Kenya: Environment Concerns Dominate Conference

Nairobi — Environmental degradation has remained a major issue at the World Social Forum conference at Nairobi's Moi International Sports Centre, Kasarani.

The delegates took issue with the alarming rate of deforestation, the increasing production of industrial waste and the indiscriminate exploitation of mineral resources mainly in developing countries.

Delegates from India cited the case of Tamil Nadu, saying it previously had many rivers, vegetation and forests. "The increasing urbanisation exploitation by private and public sectors and the new globalisation policies have led to the damage of the ecological system," said an official of Tamil Nadu Environment Council.

The delegates complained that industries have continued cropping up, thus leading to wanton destruction of the environment. They said rivers, vegetation, sands and the freshness of the air have all been destroyed, thus causing a drastic change in the environment.

Local delegates blamed environmental degradation on rampant corruption and lack of commitment from the Government. They said the National Environmental Management Authority has been issuing threats without coming up with tangible environmental management measures to stop industries from polluting the eco-system.

The delegates also linked the problem of environmental degradation to the long-standing problem of land grabbing. "The land grabbers don't even discriminate. We have thus ended up with a situation where forest reserves are being grabbed like in the famous case of Karura forest," said Victor Bwire of the Independent Medical Legal Unit, a human rights NGO.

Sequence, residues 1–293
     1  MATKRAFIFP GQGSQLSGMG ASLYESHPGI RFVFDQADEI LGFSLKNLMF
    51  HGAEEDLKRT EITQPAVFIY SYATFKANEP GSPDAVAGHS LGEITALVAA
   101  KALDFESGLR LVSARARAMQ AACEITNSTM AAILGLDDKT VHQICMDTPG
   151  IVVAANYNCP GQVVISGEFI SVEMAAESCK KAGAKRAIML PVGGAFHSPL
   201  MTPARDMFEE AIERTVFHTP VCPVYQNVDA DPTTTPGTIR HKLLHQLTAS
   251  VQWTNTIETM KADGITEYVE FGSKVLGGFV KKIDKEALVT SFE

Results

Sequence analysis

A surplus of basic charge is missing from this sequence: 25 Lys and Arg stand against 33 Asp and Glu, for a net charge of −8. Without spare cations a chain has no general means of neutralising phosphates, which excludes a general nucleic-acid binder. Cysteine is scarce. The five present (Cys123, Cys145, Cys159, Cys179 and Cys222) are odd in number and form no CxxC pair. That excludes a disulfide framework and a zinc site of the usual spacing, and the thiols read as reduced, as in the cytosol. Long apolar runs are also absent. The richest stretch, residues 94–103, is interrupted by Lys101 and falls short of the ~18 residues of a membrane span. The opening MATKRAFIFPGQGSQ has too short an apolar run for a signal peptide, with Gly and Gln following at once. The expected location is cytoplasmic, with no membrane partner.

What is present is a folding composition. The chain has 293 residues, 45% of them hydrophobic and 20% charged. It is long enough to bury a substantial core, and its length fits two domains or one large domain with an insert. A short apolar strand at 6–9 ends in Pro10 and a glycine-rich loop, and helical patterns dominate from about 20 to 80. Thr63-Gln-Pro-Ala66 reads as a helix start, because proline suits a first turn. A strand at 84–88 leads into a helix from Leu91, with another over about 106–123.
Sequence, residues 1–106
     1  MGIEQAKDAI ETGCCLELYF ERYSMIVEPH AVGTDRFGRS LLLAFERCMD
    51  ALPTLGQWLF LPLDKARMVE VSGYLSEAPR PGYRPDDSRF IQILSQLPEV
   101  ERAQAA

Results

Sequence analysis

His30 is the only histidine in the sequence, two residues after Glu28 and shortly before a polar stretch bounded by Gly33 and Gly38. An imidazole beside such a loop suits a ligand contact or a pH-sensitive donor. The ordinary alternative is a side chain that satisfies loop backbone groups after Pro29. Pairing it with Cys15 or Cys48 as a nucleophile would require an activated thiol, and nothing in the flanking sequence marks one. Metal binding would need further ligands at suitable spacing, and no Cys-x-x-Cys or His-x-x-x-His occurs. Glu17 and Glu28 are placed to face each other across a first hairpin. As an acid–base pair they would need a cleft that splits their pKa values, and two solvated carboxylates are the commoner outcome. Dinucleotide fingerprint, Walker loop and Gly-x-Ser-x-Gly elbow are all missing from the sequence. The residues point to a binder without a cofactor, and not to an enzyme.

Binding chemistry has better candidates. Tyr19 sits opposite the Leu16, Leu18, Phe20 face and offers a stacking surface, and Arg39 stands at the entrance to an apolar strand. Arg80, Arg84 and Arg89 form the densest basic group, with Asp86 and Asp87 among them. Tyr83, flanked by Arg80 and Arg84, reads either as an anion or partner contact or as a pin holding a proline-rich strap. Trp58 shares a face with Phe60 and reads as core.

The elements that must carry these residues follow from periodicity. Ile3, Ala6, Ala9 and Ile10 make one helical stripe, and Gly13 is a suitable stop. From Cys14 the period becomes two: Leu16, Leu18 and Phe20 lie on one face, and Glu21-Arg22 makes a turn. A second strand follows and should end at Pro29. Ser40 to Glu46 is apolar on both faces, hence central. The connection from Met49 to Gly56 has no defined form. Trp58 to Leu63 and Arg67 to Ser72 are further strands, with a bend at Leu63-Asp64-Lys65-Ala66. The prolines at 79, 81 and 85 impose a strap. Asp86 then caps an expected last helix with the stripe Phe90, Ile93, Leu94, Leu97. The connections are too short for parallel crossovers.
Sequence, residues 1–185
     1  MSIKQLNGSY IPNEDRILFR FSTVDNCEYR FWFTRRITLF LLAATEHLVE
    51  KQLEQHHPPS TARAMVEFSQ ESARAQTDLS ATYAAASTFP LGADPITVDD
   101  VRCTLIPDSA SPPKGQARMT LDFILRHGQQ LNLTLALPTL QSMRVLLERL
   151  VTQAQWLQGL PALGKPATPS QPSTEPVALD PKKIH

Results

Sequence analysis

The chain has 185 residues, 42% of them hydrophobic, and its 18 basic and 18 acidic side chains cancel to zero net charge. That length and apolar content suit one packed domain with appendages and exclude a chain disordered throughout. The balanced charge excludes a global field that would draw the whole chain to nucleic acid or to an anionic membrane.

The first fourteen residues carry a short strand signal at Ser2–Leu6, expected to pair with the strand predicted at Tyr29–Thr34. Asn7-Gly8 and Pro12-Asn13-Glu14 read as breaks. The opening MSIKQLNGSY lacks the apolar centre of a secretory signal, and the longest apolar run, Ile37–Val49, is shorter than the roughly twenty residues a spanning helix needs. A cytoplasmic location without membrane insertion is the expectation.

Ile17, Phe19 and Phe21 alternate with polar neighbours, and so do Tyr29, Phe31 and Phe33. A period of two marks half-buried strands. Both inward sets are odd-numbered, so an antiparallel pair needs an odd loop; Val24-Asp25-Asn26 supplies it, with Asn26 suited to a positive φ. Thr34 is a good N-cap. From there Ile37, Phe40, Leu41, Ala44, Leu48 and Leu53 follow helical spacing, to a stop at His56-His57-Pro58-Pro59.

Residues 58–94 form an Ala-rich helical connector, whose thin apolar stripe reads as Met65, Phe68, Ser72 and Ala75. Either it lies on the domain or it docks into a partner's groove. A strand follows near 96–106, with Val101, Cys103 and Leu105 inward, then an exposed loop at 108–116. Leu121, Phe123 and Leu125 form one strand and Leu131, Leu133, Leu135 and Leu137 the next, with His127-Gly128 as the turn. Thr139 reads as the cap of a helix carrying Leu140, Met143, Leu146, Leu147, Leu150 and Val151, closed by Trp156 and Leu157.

But the Global Forest Coalition, in a detailed write-up to the delegates, raised concerns about the effect of biomass on human life, especially those being produced in commercial volumes. The Network says the world should suspend subsidies and other forms of support for the import and export of bio-fuels.

"International trade in bio-fuels is already causing negative impact on food security, rural livelihoods, forests and other ecosystems. And its negative impacts are expected to accumulate rapidly. Large-scale export oriented production of bio-fuel requires large-scale monocultures of trees, corn, oil palm, soy and crops," said the Network.

They said the bio-fuels have been the cause of a number of rural depopulation and deforestation worldwide. This, they say, will augment the much feared global warming that the world has been struggling to deal with.

They applauded the move by Prof Wanagari Maathai to plant at least a billion trees in a period of 10 years, saying this would go a long way in reducing the impact of environmental degradation on lives

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